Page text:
10 MONDAY What's the grossest scene in Pulp Fiction? The one in which John Travolta accidentally blows a guy's head off in the backseat of a car? Or the one in which an OD'ing Uma Thurman gets revived by an adrenaline shot (i.e. stab) to the heart? Those precious moments can be seen in all their gory when the flick shows tonight on the 60-by-80-foot screen at Late Night at the Max. Audience members can also assess whether Tarantino's hipster dialogue does justice to the theater's 12,000-watt, six-channel, multidimensional digital sound system. It's at 9 at the Navy Pier Imax 3D Theater, 600 E. Grand. Admission is $8. Call 312-595-0090.

11 TUESDAY Valentine's Day cards weren't always the generic, mass-produced love tokens that we have today. Andrew McNally III's collection of antique cards includes German pop-up creations, lacy numbers, and multilayered hand-painted cards from England. His cache is on display in Valentines: Cupid's Calling Cards through March 1 at the Newberry Library, 60 E. Walton. The museum is open today from 8:15 to 7:30; admission is free. Tonight McNally will be honored with a reception at 5:30, which will be followed by a tour of the gallery with the show's curator. Call 312-255-3510.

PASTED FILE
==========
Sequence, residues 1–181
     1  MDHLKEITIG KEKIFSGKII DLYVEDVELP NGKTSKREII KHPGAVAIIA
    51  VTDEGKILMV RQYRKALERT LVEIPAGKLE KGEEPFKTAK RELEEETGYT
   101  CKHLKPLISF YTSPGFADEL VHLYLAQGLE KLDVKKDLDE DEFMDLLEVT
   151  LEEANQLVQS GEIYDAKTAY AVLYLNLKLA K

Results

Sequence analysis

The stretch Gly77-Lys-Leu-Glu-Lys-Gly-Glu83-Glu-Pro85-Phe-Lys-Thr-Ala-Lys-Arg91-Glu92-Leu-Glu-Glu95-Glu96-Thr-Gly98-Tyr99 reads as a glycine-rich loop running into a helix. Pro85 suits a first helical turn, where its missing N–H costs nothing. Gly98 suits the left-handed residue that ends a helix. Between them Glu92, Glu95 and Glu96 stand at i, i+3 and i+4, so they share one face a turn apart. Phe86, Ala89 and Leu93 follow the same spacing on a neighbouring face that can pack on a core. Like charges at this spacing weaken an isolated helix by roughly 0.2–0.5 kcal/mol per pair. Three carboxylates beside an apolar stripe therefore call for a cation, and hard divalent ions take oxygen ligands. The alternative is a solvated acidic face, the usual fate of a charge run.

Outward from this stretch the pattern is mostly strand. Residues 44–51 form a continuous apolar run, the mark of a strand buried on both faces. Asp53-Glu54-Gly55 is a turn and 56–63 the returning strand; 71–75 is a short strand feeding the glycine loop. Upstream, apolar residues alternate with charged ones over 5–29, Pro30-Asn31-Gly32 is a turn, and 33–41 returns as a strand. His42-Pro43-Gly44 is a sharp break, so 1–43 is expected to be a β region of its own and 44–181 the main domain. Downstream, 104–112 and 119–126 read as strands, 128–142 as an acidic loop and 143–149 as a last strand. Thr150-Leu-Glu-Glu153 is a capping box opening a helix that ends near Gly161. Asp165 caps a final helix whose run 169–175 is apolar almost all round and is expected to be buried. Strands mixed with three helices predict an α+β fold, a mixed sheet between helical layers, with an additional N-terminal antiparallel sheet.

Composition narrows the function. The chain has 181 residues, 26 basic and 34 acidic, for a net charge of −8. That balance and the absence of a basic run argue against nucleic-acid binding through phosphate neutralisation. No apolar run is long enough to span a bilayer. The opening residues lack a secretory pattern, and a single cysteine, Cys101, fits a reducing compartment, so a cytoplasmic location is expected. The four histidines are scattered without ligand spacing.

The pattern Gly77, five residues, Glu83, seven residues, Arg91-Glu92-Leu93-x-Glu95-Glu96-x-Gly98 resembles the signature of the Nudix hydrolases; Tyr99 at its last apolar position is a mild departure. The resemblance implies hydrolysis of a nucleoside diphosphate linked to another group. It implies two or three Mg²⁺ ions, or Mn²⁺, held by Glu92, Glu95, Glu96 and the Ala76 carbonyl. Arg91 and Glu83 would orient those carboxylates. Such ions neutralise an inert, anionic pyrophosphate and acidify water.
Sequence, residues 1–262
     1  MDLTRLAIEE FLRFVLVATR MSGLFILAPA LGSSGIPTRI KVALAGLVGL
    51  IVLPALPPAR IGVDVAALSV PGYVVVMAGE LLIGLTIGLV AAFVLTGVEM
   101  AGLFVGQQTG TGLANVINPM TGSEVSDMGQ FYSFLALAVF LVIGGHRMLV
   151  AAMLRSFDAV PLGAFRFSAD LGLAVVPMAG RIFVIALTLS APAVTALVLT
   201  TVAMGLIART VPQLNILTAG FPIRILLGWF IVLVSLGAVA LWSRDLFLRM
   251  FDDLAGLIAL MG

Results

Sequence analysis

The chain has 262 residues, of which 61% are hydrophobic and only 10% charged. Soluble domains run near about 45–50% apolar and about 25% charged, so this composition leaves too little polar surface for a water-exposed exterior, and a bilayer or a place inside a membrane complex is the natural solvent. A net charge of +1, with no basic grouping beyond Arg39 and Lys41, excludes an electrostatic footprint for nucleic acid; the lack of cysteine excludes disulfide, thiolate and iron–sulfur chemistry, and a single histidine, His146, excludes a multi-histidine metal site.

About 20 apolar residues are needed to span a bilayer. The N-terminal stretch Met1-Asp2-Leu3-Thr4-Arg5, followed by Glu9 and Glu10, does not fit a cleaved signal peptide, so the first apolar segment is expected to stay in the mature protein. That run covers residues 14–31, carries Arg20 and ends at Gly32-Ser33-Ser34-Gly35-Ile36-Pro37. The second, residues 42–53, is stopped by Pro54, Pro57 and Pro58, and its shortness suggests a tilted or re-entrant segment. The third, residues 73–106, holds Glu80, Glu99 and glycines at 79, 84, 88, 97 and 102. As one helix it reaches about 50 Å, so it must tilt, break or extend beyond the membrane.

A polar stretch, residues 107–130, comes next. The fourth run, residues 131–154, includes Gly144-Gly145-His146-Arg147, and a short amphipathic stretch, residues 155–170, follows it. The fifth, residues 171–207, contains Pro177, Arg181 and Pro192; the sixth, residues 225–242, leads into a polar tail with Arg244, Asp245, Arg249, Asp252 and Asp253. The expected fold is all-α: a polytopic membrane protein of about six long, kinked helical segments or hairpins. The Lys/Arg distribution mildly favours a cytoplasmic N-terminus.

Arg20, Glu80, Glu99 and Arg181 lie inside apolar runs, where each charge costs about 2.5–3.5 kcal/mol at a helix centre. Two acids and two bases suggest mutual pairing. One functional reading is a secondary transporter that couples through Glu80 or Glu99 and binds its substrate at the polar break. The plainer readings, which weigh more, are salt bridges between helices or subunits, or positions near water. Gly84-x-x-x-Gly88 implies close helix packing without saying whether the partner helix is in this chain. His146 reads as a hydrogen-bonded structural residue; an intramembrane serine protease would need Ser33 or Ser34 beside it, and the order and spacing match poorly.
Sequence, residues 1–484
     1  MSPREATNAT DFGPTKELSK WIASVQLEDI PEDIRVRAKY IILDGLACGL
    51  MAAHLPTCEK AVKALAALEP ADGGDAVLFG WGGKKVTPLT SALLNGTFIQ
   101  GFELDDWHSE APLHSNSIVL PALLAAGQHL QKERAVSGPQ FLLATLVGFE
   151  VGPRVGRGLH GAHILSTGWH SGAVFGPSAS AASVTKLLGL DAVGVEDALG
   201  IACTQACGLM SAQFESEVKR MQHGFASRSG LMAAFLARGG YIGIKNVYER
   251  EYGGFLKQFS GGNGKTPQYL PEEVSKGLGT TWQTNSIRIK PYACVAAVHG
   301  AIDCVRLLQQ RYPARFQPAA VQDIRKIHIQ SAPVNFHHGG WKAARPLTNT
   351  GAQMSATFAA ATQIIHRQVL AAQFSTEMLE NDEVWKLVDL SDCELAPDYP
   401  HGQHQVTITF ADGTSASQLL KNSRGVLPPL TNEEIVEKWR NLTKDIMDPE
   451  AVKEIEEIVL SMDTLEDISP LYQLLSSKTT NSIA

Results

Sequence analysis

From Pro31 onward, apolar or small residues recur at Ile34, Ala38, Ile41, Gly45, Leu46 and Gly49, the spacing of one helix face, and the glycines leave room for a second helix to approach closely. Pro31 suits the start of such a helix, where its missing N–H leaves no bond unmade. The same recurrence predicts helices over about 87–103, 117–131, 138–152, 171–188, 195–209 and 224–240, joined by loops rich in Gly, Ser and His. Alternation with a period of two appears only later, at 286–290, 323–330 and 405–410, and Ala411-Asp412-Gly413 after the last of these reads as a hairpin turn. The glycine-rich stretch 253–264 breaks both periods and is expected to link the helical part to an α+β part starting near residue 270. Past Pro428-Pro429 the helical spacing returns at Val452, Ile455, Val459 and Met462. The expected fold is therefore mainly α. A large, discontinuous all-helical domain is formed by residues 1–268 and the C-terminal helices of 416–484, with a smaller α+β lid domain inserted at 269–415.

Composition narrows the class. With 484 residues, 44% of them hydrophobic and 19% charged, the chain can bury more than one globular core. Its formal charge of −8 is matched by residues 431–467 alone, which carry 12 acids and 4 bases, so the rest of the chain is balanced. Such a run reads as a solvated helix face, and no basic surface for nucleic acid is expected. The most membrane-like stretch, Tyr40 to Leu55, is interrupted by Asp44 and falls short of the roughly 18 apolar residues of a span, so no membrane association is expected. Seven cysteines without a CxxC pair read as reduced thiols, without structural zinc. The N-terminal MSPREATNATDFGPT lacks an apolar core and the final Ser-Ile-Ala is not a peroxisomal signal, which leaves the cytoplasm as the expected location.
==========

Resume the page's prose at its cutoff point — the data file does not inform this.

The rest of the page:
Providing affordable on-site child care is one way that businesses can help welfare recipients make the transition from the dole to the payroll. But are employers up to the task? Today Professor Susan Lambert from the University of Chicago School of Social Service Administration heads a panel on Moving From Welfare to Work: The Challenges Facing Employers and Lower-Income Workers. It's from noon to 1:30 in room 600 at the U. of C. Downtown Center at 450 N. Cityfront Plaza. The $12 admission includes lunch. Call 773-702-1172 for reservations.

12 WEDNESDAY "I do not give my hide to be tanned, nor my bones to be pulverized to manure the land: This would be premature," writes Edward Post Page in his 1825 will. "But, I give and bequeath my body after death...for dissection: reserving the privilege of placing my head at the disposal of Doctor Mott, of Park Place." Page's will is one of the items outlining medicine's history in the exhibit From Healing Hands: Selected Historic Documents, which also includes letters written by Florence Nightingale and Clara Barton. The exhibit is on view today from 10 to 4 and runs through April 27 at the International Museum of Surgical Sciences, 1524 N. Lake Shore Drive. Admission is $2. Call 312-642-6502.

13 THURSDAY Butoh, the poetic Japanese dance form characterized by dancers with faces painted stark white who communicate through slight movements, will be the highlight at Shinpi No Bi--Mysterious Beauty: A Festival of Japanese Contemporary Dance. The six-week event kicks off tonight at 8 with a performance by Buto-Sha Tenkei ("heavenly birds in the sky") at the Dance Center of Columbia College, 4730 N. Sheridan. Tickets are $14 to $16. Call 773-989-3310.